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Jayalalithaa rejects Raghuram Rajan committee's state-aid report

Oct 02 2013, 13:42 IST
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Report has excluded important dimensions of development and should not be used in any form, Jaya said. (PTI) Report has excluded important dimensions of development and should not be used in any form, Jaya said. (PTI)
SummaryReport has excluded important dimensions of development; should not be used in any form, Jaya said.

Rejecting the Raghuram Rajan Committee report for "skewed" allocation formula, Tamil Nadu Chief Minister J Jayalalithaa has said it was a "thinly disguised attempt to provide an intellectual justification to deliver resources to a potential political ally."

"The background to the constitution of the Committee was the repeated demand of the Government of Bihar to confer 'Special Category Status' on it to enable greater fund flow to the state to address its developmental deficit," she said in a letter to Prime Minister Manmohan Singh dated October 1, 2013.

The letter was released by the state government on Wednesday.

She rued that the Report of the Committee for Evolving a Composite Development Index of States, also known as Raghuram Rajan Committee, had excluded important dimensions of development, including per capita availability of water and performance indicator of states.

The report was submitted to Finance Minister P Chidambaram recently.

"The completely skewed allocation formula which the Committee has recommended severely penalizes states which have consistently worked towards national goals of development and welfare. It pushes resource allocation to populous states which have historically underperformed," she said.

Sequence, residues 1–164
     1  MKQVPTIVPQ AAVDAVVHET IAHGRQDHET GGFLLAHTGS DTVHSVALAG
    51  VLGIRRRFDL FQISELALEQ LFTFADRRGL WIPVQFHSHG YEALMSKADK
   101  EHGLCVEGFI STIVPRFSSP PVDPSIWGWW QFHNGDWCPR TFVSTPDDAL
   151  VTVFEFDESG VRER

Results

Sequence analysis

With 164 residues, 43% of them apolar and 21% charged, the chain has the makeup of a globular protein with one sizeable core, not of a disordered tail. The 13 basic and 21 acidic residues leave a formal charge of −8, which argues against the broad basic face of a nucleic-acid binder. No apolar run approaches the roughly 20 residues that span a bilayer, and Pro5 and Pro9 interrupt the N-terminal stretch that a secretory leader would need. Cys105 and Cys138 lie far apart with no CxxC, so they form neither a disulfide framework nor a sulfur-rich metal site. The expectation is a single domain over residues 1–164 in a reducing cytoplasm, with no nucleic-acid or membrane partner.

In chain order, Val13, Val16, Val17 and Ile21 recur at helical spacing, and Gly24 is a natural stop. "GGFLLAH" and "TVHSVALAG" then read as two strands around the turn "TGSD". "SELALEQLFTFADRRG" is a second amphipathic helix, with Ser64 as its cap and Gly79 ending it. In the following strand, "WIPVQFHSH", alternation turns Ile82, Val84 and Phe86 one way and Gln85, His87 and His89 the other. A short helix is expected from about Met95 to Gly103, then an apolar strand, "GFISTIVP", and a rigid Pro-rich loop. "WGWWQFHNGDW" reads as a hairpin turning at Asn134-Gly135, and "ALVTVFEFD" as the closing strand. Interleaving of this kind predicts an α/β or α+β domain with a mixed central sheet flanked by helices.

She said smaller states, regardless of their status of development, were protected because of the fixed 0.3 per cent share recommended for all states, regardless of size.

"It is quite apparent that this hurriedly drafted report is a thinly disguised attempt to provide an intellectual justification to deliver resources to a potential political ally," she said without naming anybody.

It was also an attempt at meeting the "political objective of the mentor of the report," she added.

States that suffer most in the proposed formula were the relatively large ones which over the last several decades had consistently performed well due to their own efforts,she said.

She said the allocation formula was further skewed by the proposal to square the underdevelopment index so that least developed states would get disproportionately more resources.

"This is a highly unfair mechanism. Using mathematical jugglery to disproportionately increase resource allocation to a selected group of states is invidious and an attempt to rob Peter to pay Paul," she contended. Jayalalithaa said if the Committee's recommendations were applied, her state would receive on a per capita basis, less than half of what would be transferred by the Centre on an average per capita basis and one-fifth of the highest per capita allocation for a Non-Special Category state.

This was a "regressive, unfair and completely perverse outcome," she said.

"The bulk of transfer of

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